Social Studies: Many of Disney’s characters come from places all around the world. Why not use that to explore other countries?  Everyone knows Anna and Elsa come from Arendelle, which happens to be remarkably similar to Norway.  Elena rules over Avalor, but its culture has a striking resemblance to many Latin America cultures.   Jake and the Neverland Pirates explore the sea, the Lion Guard protects the savannah, Sheriff Callie’s keeps the Wild West safe, and Vampirina moved from Translyvania to Pennsylvania. Find these places on a map and talk about how life there looks different. And if you’re looking for something new, Disney Junior’s newest character is Mira from the magical Indian-inspired land of Jalpur.  She’s a commoner who has been appointed royal detective after she solved a mystery which saved the prince.

Science: Gigantasaurus may be the biggest and fiercest dinosaur of all, but Tiny, Mazu, Rocky, and Bill still have a wonderful time exploring the prehistoric world.  Pinterest is full of science activities relating to the time of dinosaurs!  From volcanoes to fossils, your preschooler is sure to have fun exploring and discovering all things dinosaur. Who’s ready to hatch dinosaur eggs?

Another great science idea is to make slime.  Preschoolers love it!  Just customize your slime to a color that corresponds to your child’s favorite Disney character.

Preschool at Home with Disney Junior

She’s a big fan of Doc McStuffins!

Does your child love Doc McStuffins?  Set up a doctor’s office for them to care for broken toys or stuffed animals.  What a marvelous way to talk about ways to keep our bodies healthy. Or better yet, help them develop engineering skills by taking apart a broken toy to see how it works.

Music: There’s not a preschooler alive who doesn’t enjoy a good dance party.  And with all the incredible Disney music available, it’s simple to crank up some tunes and let those little ones work out their wiggles.

If you’re looking for something a little calmer, Disney Junior’s YouTube channel has music lullabies.  Kids love to sing along!

And don’t forget about fingerplays.  It’s a wonderful way to work on coordination and storytelling.  You can find lots of fingerplay songs and games with a Google search.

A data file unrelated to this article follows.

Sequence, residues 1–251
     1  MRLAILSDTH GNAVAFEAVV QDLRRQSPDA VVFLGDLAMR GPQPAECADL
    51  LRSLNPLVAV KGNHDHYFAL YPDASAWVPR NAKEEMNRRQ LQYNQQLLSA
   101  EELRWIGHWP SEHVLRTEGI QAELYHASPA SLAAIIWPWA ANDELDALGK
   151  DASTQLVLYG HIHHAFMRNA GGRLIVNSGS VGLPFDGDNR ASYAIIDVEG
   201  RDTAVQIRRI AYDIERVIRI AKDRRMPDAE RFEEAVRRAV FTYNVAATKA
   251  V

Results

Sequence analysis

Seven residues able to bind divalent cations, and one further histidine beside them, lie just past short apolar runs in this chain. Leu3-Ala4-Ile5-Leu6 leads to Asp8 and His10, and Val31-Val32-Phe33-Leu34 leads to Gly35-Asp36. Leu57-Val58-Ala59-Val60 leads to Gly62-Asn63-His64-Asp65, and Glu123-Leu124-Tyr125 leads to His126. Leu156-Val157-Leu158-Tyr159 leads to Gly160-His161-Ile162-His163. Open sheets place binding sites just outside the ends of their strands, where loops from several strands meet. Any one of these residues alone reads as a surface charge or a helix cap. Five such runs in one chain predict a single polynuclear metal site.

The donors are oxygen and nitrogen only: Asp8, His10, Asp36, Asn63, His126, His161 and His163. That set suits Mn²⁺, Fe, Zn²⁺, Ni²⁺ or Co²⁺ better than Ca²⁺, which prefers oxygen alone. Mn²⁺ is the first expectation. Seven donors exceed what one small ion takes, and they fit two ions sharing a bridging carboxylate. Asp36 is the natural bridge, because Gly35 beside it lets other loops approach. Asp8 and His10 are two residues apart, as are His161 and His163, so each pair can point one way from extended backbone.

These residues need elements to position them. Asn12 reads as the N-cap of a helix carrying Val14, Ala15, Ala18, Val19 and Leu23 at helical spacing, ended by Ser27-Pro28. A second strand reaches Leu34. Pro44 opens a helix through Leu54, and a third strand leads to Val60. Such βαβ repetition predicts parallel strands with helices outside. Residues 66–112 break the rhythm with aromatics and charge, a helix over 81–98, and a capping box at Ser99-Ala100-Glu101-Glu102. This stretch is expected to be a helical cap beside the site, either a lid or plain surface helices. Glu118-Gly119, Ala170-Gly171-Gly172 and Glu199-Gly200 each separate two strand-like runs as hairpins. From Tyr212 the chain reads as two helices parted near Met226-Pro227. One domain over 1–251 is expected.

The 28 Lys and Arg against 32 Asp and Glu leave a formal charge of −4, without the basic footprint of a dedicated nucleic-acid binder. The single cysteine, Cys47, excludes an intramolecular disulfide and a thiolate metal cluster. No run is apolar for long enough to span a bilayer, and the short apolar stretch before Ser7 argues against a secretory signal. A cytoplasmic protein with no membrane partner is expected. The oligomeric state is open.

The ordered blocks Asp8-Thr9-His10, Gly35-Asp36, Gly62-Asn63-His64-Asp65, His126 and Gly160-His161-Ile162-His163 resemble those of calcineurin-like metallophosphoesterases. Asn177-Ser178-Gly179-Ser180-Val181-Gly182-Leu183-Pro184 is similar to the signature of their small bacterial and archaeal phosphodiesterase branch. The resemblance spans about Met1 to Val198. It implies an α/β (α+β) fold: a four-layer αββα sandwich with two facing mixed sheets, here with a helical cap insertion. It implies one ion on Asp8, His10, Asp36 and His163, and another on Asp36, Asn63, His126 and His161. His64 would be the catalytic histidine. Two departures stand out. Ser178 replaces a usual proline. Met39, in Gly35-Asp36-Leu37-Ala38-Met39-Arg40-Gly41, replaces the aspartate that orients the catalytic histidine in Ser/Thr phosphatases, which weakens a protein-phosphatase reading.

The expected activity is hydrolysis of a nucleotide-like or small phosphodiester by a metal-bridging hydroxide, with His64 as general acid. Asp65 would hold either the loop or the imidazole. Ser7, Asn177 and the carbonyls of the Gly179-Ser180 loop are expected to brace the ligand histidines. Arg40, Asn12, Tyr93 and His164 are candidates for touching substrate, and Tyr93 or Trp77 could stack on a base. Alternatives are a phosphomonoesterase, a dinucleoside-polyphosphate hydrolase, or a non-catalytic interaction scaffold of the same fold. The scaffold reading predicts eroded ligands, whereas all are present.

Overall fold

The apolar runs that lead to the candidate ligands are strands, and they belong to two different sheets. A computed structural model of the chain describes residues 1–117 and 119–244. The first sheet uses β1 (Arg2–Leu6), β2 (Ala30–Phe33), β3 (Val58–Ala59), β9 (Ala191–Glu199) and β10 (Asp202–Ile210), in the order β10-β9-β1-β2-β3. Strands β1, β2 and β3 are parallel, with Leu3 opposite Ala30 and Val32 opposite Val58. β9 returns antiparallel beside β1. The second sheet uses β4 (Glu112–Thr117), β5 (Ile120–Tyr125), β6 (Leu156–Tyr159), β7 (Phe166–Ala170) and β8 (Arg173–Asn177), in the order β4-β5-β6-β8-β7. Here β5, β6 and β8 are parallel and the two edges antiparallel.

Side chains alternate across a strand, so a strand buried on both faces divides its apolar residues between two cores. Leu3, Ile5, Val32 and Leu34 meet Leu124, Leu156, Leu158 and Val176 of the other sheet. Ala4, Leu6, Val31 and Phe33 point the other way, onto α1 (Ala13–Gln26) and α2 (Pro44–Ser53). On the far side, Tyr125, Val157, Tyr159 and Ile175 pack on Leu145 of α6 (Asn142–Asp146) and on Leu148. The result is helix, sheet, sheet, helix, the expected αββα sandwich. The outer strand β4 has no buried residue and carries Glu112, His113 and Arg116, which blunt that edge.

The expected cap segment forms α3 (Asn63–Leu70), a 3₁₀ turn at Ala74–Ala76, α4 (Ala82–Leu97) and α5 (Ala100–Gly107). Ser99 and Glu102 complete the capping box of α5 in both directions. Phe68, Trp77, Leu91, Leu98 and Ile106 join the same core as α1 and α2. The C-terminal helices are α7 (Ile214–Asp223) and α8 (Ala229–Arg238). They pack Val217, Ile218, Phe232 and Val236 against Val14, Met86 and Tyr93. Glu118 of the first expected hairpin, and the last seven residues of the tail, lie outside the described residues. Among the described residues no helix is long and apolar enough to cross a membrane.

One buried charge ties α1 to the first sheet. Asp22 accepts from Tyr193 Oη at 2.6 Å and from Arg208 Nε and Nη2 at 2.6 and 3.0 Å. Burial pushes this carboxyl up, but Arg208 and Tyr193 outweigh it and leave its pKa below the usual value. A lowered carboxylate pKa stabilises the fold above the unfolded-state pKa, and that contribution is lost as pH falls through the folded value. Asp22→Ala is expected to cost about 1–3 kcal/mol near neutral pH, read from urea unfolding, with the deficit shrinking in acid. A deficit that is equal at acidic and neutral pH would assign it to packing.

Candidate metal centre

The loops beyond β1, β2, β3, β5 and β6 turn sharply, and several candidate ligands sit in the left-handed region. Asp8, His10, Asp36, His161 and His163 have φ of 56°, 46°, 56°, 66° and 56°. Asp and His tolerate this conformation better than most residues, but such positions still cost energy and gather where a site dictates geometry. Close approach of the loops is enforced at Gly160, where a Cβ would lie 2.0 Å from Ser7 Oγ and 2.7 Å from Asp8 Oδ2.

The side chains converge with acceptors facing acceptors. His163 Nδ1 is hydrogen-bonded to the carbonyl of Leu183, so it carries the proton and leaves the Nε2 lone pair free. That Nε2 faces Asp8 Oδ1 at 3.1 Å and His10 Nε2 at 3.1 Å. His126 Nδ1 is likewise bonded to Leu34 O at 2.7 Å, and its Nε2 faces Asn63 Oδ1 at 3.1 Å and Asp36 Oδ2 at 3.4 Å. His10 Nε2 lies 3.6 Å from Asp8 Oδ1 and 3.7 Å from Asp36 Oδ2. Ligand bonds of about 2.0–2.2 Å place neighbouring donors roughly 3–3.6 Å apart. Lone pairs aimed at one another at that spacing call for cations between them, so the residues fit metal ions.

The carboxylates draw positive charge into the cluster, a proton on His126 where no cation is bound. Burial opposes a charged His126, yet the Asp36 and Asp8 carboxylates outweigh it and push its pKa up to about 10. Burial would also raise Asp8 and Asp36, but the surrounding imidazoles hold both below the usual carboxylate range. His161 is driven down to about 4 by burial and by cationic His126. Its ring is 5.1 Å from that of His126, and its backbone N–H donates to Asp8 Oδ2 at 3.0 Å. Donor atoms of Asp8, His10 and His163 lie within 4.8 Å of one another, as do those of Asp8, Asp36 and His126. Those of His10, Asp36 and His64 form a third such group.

Art: The Disney Junior Pinterest page has all the craft ideas you could want!  Coloring pages, masks, tutus, wands, puzzles, stained glass projects, no-sew puppets, wreaths….there are dozens and dozens of ideas. The best part about Disney Junior’s Pinterest account is there is a board for each character, so you can find projects relating to your preschooler’s favorites.

These are just a few ideas to keep your preschooler’s curiosity and creativity active even when learning at home.  Of course, there’s A LOT of learning that can happen with a trip to Walt Disney World Resort or Disneyland Resort!  Soarin’ Diva has details on how she was able to have excused absences for her children for their Disney trip.  If you’re ready to plan a trip, be sure to contact Patricia at All for Dreams Travel for a free quote.  In the meantime, how do you bring Disney Magic to your child’s learning?  Let us know in the comments below!

***Disclaimer – We at Tips from the Disney Divas and Devos hope you enjoy reading our articles and encourage you to share any you feel may be of interest to someone else.  We do ask, however, if you choose to share the photographs attached to our articles, you give credit to the photographer. Thank you for your cooperation and for sharing our love of Disney!